Successful marketing copywriters don’t get to win Pulitzers or Noble Prizes for Literature, but what they do is nothing short of genius. Persuasive copywriting earns entrepreneurs worldwide thousands, even millions, of dollars and bridges the gap between brands and consumers.
To look at it more altruistically, persuasive marketing copy fills voids in many consumers’ lives by allowing them to see that a particular brand or business has whatever it is they need, positioning them as an expert in their industry, instilling trust, and triggering more conversions.
Writing compelling marketing copy is not an easy feat. In fact, persuasive copywriting is the Achilles Heel of many marketers.
Fortunately, we all have the benefit of going back in history to review what worked and what didn’t and from no less than some of the most outstanding marketers that ever walked the planet. So, after all the digging, reading and investigating, we could pinpoint four ingredients that a compelling marketing copy should have.
Use a Conversational Tone
You’re experiencing shoulder pain, and since you don’t really have an orthopedic doctor that you regularly see, you turn to Google and search for “orthopedic clinic”. You click on a link, and you see a landing page with the following copy:
It’s our passion and commitment to provide top-caliber tailor-fit services in all practices of orthopedic medicine. Our clinicians are trailblazers and industry movers and shakers in the orthopedic healthcare arena, equipped with the latest techniques and technologies available in the First World.
Looks perfectly fine, right? But does it resonate? Does it answer the question a layperson might have? Most importantly, is it something you can relate to and say “okay, I can trust this practice”? Truly compelling or convincing marketing copy is able to reach out, metaphorically shake the hands of people on the other end of the screen, and build a personal relationship with them.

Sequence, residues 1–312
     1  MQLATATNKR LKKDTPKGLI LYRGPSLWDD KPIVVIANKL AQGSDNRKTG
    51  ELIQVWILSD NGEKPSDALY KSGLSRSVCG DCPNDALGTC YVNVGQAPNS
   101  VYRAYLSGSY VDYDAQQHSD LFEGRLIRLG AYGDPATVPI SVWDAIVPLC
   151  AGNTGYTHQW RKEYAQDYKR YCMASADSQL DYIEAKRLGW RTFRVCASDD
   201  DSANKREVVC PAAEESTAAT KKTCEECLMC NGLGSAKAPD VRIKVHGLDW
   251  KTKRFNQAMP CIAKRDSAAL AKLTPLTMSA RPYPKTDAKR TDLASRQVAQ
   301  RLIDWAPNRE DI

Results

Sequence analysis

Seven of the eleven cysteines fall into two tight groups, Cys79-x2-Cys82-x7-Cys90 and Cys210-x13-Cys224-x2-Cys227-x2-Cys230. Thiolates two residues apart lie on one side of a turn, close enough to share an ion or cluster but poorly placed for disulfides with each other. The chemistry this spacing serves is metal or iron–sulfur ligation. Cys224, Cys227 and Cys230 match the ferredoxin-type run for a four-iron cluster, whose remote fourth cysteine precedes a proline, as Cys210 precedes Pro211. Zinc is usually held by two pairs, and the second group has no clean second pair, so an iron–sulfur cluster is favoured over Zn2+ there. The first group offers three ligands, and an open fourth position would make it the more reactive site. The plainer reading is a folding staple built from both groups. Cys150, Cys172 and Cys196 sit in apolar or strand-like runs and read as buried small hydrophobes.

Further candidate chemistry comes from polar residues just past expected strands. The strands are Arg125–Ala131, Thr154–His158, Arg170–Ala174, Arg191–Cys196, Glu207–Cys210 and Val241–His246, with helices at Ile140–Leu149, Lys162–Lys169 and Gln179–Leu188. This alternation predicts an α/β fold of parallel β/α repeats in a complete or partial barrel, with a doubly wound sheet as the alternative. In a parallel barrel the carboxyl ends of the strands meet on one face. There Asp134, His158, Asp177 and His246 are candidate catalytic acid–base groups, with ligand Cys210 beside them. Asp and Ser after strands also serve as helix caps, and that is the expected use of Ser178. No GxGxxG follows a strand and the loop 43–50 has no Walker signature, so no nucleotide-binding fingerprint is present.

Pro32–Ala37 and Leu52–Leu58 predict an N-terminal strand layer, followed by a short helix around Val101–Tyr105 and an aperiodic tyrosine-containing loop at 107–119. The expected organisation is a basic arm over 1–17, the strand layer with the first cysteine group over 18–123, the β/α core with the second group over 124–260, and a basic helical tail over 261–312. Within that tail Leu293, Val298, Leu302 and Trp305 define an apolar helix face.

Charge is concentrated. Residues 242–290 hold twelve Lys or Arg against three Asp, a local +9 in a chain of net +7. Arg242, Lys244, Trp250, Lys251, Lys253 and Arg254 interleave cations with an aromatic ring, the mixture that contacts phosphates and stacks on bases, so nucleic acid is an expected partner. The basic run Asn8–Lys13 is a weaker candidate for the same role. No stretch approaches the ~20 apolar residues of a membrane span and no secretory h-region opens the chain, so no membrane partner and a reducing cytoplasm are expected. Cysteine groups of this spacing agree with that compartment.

Many marketers and practice owners fall victim to using verbose corporate speak when writing marketing copy. Are you guilty of doing the same? If so, you are not alone. In fact, this can be the default approach of most marketers because we were conditioned that writing should follow a set of strict rules that is almost paralyzing for many.
Many marketers turn into Grammar Nazis obsessed with highfaluting words and complicated sentences that don’t really mean anything. We are told that writing is not for everyone and that it’s difficult. The more self-conscious marketers get in their writing, the more ineffective the copy becomes.
Get Out of Writing Mode
Humans are born to talk, not to write. So, the first step to writing persuasive marketing copy is to stop your brain from going into this default writing mode. At the end of the day, your end goal is to tell your audience something, not write something for them.
This is easier said than done because, as the cliché goes, bad habits die hard. One trick you can do instead is to record yourself talking about a topic. For example, imagine you’re in a cocktail room when you see a friend. You approach them and begin to talk about a product you sell or the service you provide. How would that conversation go? Bring out your recorder and do this exercise. Then play it back and listen to yourself.
The idea is simple. When people read your marketing copy, they’re actually imagining you talking to them. So, if it sounds unnatural, your message won’t convey, and your audience won’t relate.